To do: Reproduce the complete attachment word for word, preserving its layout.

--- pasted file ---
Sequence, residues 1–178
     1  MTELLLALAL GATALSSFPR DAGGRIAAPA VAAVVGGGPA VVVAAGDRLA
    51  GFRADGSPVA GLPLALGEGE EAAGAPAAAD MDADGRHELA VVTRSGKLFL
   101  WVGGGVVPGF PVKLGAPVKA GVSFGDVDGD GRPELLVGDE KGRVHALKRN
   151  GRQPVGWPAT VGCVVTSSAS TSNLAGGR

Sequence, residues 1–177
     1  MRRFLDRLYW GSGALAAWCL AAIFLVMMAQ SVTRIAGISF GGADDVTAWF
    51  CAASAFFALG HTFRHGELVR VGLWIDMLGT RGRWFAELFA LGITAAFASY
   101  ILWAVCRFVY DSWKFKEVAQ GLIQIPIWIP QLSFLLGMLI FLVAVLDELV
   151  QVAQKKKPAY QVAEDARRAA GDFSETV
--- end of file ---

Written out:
Sequence, residues 1–178
     1  MTELLLALAL GATALSSFPR DAGGRIAAPA VAAVVGGGPA VVVAAGDRLA
    51  GFRADGSPVA GLPLALGEGE EAAGAPAAAD MDADGRHELA VVTRSGKLFL
   101  WVGGGVVPGF PVKLGAPVKA GVSFGDVDGD GRPELLVGDE KGRVHALKRN
   151  GRQPVGWPAT VGCVVTSSAS TSNLAGGR

Sequence, residues 1–177
     1  MRRFLDRLYW GSGALAAWCL AAIFLVMMAQ SVTRIAGISF GGADDVTAWF
    51  CAASAFFALG HTFRHGELVR VGLWIDMLGT RGRWFAELFA LGITAAFASY
   101  ILWAVCRFVY DSWKFKEVAQ GLIQIPIWIP QLSFLLGMLI FLVAVLDELV
   151  QVAQKKKPAY QVAEDARRAA GDFSETV